The official student news site of Athens Drive High School


The official student news site of Athens Drive High School


The official student news site of Athens Drive High School


Shooting at UNC Chapel Hill leaves campus tense

Photos by Mia McIlhargey
UNC Chapel Hill candlelight vigil in the Smith Center to honor Dr. Yan and start the journey of healing together.

‘Are you okay? Where are you? Please tell me you’re safe. Lock your doors and windows now. Are there people with you?’ These are all the types of texts parents were sending their children, students at UNC Chapel Hill, Monday, August 28, 2023. Around 1 p.m., UNC associate professor Zijie Yan was fatally shot in a targeted attack by Tailei Qi, a student at UNC Chapel Hill. Qi was a grad student in the same department, and Yan was his faculty adviser.


Mia McIlhargey, an Athens Drive alumni and now a freshman at UNC Chapel Hill was in her dorm room and had just gotten back from eating lunch at Chase dining hall when she heard sirens going off outside her window. She looked outside to a campus flooded with cop cars, ambulances and frightened students fleeing for safety. Along with everyone else on campus, McIlhargey received a notification from the Alert Carolina System informing all UNC members to seek shelter due to an armed and dangerous person on or around campus.


“Upon reading that, I wasn’t really that worried about it, which kind of shows something about our society. I thought they were probably just around Chapel Hill somewhere,” said McIlhargey.


According to Chapel Hill has a large open campus with over 30,000 students and nearly 4,000 faculty members. The Alert Carolina system is an online method of communication that sends out warnings to students and staff on campus if there is any type of danger or crimes happening on or around Chapel Hill.


10 minutes later, students received another text warning stating “stay sheltered in place until all clear”. Many rumors were circulating around online, and students were left unsure about what was happening throughout the whole lockdown. One rumor was that the armed person was near the Genome Sciences Building. That building is right next to Caudill Labs, the place the shooting did occur. Students on campus were notifying their loved ones on what was happening, while keeping updated on local news channels.


“My parents said the usual thing that you say in that situation now, to be careful, barricade your door, close the blinds, and stay away from the window,” said McIlhargey.


The Alert Carolina texts that were sent out the day of the shooting to students and staff. (Photo by Mia McIlhargey)

Upon receiving the initial alerts, some UNC professors continued teaching, only stopping class after receiving the second warning making it clear to them that it was a very serious situation. Students within classrooms during the shooting were being evacuated by SWAT teams, army soldiers and police officers from multiple different counties. Once escorted out of classrooms, most students were left outside without direction because the teams had to get other students out as well. Many made their way to their dorms or stood near the cop cars and ambulances.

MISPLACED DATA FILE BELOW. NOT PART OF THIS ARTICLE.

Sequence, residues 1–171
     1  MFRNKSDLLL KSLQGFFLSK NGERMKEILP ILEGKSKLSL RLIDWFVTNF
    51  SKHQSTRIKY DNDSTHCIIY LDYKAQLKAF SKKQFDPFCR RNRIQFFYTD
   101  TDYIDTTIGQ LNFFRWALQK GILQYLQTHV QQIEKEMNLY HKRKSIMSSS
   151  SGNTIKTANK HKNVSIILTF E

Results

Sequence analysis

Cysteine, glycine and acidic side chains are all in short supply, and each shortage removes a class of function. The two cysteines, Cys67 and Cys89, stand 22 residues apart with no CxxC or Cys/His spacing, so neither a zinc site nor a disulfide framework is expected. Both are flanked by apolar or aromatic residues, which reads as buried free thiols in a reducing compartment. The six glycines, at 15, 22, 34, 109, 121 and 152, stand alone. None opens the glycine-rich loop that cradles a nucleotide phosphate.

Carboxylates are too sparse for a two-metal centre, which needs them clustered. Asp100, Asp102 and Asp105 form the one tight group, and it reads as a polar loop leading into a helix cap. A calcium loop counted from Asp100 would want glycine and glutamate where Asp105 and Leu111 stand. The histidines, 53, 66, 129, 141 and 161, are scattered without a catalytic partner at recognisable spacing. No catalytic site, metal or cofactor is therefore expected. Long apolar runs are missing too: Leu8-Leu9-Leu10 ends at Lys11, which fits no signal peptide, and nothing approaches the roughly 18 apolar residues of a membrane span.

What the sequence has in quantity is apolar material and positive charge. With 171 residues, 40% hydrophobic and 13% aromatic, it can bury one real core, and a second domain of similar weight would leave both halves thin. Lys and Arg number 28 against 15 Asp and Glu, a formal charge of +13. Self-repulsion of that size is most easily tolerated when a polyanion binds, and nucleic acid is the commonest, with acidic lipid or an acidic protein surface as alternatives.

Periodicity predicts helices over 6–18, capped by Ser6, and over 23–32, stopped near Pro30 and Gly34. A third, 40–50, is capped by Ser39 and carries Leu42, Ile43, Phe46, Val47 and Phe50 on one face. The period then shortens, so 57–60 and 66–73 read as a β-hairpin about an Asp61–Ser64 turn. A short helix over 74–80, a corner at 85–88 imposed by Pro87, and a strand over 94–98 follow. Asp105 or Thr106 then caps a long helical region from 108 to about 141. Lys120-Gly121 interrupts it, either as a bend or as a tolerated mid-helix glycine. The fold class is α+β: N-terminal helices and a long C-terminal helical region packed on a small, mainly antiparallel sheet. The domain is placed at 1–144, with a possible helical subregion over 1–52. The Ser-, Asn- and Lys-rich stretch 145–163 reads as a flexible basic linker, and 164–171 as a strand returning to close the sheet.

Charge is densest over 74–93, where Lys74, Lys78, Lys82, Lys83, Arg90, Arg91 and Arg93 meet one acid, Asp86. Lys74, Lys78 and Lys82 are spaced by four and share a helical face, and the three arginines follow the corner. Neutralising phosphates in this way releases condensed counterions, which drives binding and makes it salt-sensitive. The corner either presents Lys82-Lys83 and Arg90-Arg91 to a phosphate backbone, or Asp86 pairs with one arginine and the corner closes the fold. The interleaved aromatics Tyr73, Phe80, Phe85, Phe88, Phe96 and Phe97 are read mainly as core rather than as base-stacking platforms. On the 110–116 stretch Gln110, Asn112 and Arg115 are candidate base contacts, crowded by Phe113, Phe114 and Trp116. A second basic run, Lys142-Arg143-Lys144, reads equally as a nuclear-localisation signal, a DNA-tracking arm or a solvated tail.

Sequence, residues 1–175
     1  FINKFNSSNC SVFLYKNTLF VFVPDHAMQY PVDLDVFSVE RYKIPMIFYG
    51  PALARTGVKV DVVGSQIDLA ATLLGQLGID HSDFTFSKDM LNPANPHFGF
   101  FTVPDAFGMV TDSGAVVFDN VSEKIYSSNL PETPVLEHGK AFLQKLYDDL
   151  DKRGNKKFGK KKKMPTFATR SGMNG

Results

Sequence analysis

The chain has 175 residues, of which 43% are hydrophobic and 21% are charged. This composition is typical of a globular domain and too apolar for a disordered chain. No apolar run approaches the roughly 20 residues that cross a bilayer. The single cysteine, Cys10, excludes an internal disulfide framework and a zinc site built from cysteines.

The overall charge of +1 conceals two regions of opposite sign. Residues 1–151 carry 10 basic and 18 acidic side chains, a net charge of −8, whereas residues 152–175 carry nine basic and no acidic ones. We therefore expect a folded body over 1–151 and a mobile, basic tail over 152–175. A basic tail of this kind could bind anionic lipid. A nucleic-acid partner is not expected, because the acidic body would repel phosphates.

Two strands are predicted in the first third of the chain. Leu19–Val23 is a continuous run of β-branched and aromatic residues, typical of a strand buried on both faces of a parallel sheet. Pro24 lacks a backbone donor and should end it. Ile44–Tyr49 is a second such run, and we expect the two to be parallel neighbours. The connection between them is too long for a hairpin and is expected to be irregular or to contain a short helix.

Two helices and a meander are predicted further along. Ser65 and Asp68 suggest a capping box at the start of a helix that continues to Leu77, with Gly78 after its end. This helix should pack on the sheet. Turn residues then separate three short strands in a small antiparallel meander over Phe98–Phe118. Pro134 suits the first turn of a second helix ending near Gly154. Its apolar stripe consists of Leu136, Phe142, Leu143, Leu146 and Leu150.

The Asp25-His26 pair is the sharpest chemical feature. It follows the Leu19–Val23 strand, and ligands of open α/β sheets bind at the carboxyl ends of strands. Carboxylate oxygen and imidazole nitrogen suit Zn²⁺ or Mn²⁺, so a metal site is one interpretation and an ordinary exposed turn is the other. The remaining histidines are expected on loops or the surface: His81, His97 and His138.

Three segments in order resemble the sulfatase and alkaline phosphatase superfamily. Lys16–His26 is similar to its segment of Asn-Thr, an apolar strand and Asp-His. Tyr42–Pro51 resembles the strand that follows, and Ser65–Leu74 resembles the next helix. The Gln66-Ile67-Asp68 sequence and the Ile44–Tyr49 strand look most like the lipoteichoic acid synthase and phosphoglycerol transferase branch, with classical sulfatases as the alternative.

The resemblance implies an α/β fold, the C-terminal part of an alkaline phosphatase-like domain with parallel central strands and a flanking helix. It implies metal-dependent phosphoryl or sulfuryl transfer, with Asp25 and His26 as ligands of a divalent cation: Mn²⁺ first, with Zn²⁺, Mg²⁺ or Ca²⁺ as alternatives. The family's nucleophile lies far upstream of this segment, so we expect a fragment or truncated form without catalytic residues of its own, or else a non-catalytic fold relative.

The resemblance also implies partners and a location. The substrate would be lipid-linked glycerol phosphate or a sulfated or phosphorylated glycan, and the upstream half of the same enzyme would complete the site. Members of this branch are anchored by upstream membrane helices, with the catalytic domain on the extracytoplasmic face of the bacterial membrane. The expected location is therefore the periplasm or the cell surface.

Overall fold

An hour after the initial emergency calls, Tailei Qi was restrained and removed from campus. An hour after Qi’s arrest, students were still in lockdown. Like McIlhargey, students who were left alone in their dorm were uncertain about all the rumors flying back and forth; who had been hurt and what happened to the shooter.


“The worst part for me was just not knowing what was going on; nobody was telling us anything, we were all just sitting there in fear the whole time and no one was communicating to us what was actually going on,” said McIlhargey.


Three hours after the tragedy, students were let out of lockdown. Later that day, MchIlhargey picked up on a lot of conflicting emotions on UNC campus. Some people wanted to go back to normal, while other people were more stuck on the devastating event as they have the right to be.


Koury Residence Hall on a brisk summer day at UNC campus. (Photo by Mia McIlhargey)

“It was very, very sad for the whole campus. I obviously never met this teacher, but you still feel a connection to him because he walked the same campus that I walk everyday, and he was just trying to help people,” said McIlhargey.


Jennifer Munoz, English teacher at Athens Drive, is a graduate from UNC Chapel Hill. Munoz was informed of the shooting through a news station. 


“As much as I wanted to be shocked, it felt like not surprising just because there’s this sense of inevitability that I feel like is infiltrated in a lot of us. I was upset but also there was that weird sense of numbness that I think we’ve developed in the face of lockdowns,” said Munoz.


To comfort students and staff, UNC provided counseling services and therapy dogs on campus and held a candlelight vigil to honor Dr. Yan, which took place Friday, Aug 30, 2023. 


Munoz hopes that in the future people won’t focus so much on the aftermath as if it’s inevitable, and instead hopes they will focus on the system of laws that are creating these situations over and over again.


“College feels like such a safe bubble, and school is supposed to feel like a place where you don’t have to worry about the outside world, so the trauma of having that disrupted is lasting even if you weren’t personally affected,” said Munoz.

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